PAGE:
“When I entered foster care, I was open about my sexuality; that later became a concern in finding a placement,” he said. A social worker told him that several potential families didn’t want him placed with them because they thought he would “turn the other children gay or be a predator.”
Charles-Gallo said that he felt worthless and started having suicidal thoughts as he stayed in an emergency shelter and no one wanted to adopt him.
“When I was 15, I received the amazing news that my impermanence in foster care was a thing in the past,” he said. “I was placed with my two dads and six siblings. My dads showed me what it was like to witness a true marriage and live a normal life, expressing the meaning of family.”
Now he’s an adult and trying to help LGBTQ youth and stand up for great parents like his two dads.
Former HRC Youth Ambassador Weston Charles-Gallo testified before Congress today, sharing his story and encouraging elected officials to create inclusive, accepting foster care systems for LGBTQ youth & families.
Every child deserves a loving family. pic.twitter.com/XIwEPfRy9H
— Human Rights Campaign (@HRC) May 12, 2021
Vermont elementary school teacher Jen Ellis is the lesbian mom behind Sen. Bernie Sanders’ (I-VT) famous Inauguration mittens.
At President Biden’s inauguration, a shot of the 79-year-old senator — sitting legs-crossed, socially distanced from others, with a disposable mask and very large and distinct mittens on — went viral immediately.
The Internet was flooded with memes of the mitten-clad Sanders, with Ellis’ work prominently displayed.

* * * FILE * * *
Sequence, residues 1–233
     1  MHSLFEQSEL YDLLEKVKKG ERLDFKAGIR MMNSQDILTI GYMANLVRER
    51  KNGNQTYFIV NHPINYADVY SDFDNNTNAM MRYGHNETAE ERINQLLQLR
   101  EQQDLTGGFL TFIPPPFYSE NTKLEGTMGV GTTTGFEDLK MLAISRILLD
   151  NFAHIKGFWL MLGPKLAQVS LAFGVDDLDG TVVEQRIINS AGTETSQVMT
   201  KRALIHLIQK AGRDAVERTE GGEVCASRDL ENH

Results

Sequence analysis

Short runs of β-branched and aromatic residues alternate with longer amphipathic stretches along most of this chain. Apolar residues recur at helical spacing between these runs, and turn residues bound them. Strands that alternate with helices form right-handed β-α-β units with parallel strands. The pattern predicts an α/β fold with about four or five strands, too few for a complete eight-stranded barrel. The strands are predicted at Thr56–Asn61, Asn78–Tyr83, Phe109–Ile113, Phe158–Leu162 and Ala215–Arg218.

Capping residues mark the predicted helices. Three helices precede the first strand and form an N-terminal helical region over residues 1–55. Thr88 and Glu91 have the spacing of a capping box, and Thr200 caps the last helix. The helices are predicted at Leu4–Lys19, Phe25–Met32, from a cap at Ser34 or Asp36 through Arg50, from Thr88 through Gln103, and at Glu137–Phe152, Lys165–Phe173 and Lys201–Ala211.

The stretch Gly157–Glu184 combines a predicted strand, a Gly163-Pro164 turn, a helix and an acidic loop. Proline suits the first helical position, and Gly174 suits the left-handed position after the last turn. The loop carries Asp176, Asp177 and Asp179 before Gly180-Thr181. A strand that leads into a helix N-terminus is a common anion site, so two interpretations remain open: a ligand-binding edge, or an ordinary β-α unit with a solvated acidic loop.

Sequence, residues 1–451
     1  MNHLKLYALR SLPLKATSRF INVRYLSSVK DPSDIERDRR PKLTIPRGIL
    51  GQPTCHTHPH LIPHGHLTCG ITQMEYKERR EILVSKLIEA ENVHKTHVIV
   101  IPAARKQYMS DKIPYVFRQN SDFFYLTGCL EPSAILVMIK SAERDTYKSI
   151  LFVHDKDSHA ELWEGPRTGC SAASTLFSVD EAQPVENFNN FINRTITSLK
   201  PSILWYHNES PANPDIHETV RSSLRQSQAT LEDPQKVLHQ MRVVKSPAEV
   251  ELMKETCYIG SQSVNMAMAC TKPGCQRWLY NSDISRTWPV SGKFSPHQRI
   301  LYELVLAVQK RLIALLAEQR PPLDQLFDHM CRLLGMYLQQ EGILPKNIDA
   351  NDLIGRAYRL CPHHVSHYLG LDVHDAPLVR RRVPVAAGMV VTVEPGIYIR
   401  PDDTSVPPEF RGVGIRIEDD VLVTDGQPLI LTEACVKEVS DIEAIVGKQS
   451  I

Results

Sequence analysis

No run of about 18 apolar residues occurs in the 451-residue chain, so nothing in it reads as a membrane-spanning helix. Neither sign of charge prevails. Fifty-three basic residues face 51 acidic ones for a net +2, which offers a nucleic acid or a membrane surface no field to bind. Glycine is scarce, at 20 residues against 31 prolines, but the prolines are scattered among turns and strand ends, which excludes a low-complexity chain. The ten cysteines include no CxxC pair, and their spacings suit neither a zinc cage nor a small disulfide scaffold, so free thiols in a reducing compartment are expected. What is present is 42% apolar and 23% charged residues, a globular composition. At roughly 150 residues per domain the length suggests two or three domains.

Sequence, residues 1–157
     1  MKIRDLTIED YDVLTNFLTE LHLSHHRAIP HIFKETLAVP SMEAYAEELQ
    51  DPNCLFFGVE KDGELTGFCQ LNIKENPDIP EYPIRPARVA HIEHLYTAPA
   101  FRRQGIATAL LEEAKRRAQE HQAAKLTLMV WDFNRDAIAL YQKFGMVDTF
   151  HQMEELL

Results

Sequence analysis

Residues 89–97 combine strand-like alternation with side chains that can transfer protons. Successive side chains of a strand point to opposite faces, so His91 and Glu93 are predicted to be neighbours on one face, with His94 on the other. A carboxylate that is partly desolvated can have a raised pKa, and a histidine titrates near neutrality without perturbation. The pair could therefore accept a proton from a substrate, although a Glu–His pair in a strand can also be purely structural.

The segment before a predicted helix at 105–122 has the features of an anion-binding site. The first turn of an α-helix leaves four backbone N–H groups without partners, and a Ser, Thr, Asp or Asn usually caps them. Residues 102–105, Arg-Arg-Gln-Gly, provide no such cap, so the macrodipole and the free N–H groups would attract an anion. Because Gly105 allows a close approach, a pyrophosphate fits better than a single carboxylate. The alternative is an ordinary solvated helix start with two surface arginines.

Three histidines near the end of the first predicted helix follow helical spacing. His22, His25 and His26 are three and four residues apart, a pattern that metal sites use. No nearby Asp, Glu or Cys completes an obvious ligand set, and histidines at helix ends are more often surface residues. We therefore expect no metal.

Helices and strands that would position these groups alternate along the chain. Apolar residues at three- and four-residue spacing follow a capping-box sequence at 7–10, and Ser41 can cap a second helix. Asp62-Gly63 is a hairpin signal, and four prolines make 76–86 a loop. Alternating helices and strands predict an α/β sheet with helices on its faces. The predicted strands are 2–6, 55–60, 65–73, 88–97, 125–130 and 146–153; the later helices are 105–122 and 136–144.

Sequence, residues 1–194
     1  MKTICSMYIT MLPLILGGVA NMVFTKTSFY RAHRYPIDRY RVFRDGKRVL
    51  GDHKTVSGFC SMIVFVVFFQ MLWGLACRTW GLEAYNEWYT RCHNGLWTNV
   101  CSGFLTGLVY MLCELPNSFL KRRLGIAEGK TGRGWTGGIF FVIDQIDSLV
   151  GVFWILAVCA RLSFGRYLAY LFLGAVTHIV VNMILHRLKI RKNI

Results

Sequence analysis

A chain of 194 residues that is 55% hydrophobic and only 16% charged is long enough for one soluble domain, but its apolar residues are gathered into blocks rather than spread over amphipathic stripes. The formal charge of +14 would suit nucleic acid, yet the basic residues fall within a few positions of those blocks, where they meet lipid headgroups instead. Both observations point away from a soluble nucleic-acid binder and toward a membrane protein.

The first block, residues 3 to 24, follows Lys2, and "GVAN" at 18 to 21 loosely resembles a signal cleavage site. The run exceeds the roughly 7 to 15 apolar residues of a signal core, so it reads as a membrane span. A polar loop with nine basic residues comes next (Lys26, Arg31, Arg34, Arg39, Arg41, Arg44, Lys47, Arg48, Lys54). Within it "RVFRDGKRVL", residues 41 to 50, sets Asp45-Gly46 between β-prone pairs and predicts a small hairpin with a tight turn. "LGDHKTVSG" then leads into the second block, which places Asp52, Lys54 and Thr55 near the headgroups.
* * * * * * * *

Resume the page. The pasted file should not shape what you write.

Bernie pivots conversation away from the memes and talks about the teacher who made the mittens.
Absolute master class on messaging. pic.twitter.com/9sqsPSYVcA
— People for Bernie (@People4Bernie) January 22, 2021
Ellis made the “swittens” in 2016 as a gift for several people who worked at her daughter’s preschool. One of those people was the preschool’s owner Liza Driscoll, who is Sanders’ daughter-in-law. Ellis made an extra pair for Driscoll to give to Sanders, and the rest is online history.
Sanders’ family, then, turned the meme into an even more heartwarming story, making sweaters and shirts featuring the viral picture and donating the proceeds to charity.
But Ellis wouldn’t let her newfound fame overshadow the historic inauguration day.
“I’ve tried not to let all of the mitten business overshadow the gloriousness of sitting with my five-year-old daughter and my partner and watching the first woman be sworn in as vice president,” Ellis told Jewish Insider at the time. “That’s amazing.”
Bernie’s mittens are made by Jen Ellis, a teacher from Essex Junction, Vt. She gave them to him 2+ years ago and was surprised when he began wearing them on the campaign trail. They are made from repurposed wool sweaters and lined with fleece made from recycled plastic bottles. pic.twitter.com/ErLr29lY2t